Texas-New Mexico alkaline belt

Region West, Southwest
Mineral systems
Deposit types
Critical minerals
Other minerals

Information leading to the delineation of this focus area

Basis for focus area Alkaline/peralkaline igneous rocks. The focus area includes the Trans-Pecos alkaline belt in Texas, extending into New Mexico.
Identified resources Historical production of copper, gold, iron, silver, tungsten, and zinc. Identified copper, molybdenum, niobium, and tungsten resource.
Production None.
Status Past mining. Cave Peak deposit drilled and analyzed as a Mo prospect, but never mined.
Estimated resources Cave Peak deposit reserve (1970): 100 million st with 0.09% Mo; Main Pipe reported reserve (1981): 30.892 million st with 0.13% Mo, 0.05% Cu, and 0.01% W (35% of ore is oxide) at a cut-off-grade of 0.06% Mo (possible Ag, Be, Nb, Sn byproducts); Ore breakdown given as 2 million st oxide ore with 0.272% Mo and 0.1% Nb2O5 (Long, 1992).
Geologic maps Horton and others (2017), scale 1:500,000; numerous geologic maps cover portions of areas in New Mexico; O'Neill and Nutt (1998), scale 1:24,000; Rawling and Koning (2011), scale 1:24,000; Staatz (1986, 1987), scale 1:24,000; Schmidt and Craddock (1962), scale 1:24,000.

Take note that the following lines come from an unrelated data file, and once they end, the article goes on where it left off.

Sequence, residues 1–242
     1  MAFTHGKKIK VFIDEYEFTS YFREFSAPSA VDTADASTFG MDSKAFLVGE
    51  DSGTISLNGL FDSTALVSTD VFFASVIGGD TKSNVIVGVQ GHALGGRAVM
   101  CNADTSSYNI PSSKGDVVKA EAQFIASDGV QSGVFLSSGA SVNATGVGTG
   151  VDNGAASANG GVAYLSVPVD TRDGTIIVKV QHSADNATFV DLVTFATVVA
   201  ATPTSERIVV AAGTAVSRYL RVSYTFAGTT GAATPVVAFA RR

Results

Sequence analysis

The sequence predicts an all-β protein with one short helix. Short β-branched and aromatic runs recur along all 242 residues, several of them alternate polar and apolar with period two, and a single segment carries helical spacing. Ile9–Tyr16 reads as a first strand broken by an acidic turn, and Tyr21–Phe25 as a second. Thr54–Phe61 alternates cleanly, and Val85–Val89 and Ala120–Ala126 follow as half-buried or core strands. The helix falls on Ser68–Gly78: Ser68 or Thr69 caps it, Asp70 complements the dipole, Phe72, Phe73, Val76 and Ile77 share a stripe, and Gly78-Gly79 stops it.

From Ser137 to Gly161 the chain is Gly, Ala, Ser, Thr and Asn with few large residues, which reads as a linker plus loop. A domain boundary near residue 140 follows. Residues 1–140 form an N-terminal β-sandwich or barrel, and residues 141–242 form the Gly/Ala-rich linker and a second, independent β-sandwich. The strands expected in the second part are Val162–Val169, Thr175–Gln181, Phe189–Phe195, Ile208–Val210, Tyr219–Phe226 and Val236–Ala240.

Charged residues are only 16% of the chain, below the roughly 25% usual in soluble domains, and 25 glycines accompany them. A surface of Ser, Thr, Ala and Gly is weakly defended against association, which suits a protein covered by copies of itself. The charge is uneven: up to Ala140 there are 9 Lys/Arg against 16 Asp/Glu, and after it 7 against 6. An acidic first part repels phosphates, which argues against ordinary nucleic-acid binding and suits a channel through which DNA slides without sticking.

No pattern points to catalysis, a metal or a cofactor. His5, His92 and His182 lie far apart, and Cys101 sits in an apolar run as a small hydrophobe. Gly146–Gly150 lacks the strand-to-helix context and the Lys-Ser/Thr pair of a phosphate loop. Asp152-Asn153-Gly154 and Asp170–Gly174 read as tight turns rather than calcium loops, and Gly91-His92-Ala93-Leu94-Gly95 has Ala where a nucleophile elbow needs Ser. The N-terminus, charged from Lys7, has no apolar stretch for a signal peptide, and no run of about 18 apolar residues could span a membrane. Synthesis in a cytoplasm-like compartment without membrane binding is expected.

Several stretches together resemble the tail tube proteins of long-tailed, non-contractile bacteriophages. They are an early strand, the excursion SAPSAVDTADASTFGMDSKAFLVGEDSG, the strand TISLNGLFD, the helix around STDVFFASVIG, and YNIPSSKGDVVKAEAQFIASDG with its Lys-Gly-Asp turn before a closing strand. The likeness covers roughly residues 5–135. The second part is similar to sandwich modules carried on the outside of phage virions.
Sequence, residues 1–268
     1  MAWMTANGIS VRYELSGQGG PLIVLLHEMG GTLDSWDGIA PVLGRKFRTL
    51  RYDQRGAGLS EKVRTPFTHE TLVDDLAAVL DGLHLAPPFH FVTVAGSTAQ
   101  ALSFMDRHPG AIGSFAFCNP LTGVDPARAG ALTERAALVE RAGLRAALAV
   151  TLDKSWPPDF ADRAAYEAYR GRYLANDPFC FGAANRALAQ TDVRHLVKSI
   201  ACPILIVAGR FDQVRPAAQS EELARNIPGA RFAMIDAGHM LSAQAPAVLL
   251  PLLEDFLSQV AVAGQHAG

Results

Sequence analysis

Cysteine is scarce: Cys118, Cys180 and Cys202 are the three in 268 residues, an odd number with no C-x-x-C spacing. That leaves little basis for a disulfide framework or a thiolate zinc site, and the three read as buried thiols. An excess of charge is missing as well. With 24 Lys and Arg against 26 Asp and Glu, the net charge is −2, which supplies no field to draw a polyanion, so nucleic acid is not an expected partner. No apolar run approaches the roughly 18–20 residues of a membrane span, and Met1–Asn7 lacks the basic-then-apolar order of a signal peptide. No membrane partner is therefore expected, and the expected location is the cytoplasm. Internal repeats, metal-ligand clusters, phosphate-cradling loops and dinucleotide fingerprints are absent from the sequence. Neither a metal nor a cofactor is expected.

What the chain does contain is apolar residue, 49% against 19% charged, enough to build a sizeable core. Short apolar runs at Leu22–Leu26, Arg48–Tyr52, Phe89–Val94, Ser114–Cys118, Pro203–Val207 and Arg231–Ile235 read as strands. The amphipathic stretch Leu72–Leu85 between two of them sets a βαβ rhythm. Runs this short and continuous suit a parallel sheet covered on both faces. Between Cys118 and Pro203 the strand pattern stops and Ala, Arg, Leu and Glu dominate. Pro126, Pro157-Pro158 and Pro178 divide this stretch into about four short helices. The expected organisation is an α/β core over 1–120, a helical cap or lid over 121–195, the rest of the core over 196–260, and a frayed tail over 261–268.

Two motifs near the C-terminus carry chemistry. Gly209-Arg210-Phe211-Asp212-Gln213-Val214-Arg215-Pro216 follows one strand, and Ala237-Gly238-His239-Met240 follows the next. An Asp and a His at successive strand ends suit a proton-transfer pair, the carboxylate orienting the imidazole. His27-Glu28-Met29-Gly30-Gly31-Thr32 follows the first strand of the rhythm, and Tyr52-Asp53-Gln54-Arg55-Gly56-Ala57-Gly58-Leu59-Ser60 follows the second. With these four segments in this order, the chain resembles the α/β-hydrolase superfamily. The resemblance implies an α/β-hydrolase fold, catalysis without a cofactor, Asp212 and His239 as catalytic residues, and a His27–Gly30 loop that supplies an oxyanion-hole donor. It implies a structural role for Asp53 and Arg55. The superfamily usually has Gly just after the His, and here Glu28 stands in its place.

Geophysical data Recent high resolution geophysical coverage over Trans-Pecos areas in Texas and Cornudas Mountains in New Mexico. Inadequate aeromagnetic and aeroradiometric coverage elsewhere.
Favorable rocks and structures Silicic intrusions similar to other Climax-type porphyries, but more alkalic.
Deposits Cave Peak molybdenum deposit (MRDS dep_id: 10178355; USMIN Site_IDs: TX00002; TX00010).
Evidence from mineral occurrences MRDS; USMIN.
Geochemical evidence Silicic melt inclusions at Cave Peak contain 9 to 38 ppm W, fluid inclusions contain 7 to 80 ppm W (Audétat, 2010). See McLemore (2022).
Geophysical evidence Recent Rank 1 aeromagnetic and aeroradiometric data over part of the region (Bultman, 2021).
Evidence from other sources Cave Peak porphyry Mo-(Nb) deposit is genetically related to a mafic, alkaline intrusion (Audétat, 2010; Urguhan, 2018).
Cover thickness and description Deposits may be present at depth in mapped sedimentary rocks or concealed by Cenozoic basin fill.
Authors Brent A. Elliott, Virginia T. McLemore, Joshua M. Rosera.
New data needs Alteration mapping, detailed mapping of the plutons and dikes in terms of lithology, geochemistry and mineralogy of the veins; geophysics.
Geologic mapping and modeling needs Detailed mapping needed in many areas.
Geophysical survey and modeling needs High resolution aeromagnetic and aeroradiometric survey over areas without Rank 1 data.
Digital elevation data needs Lidar complete (Texas) or in progress (parts of New Mexico).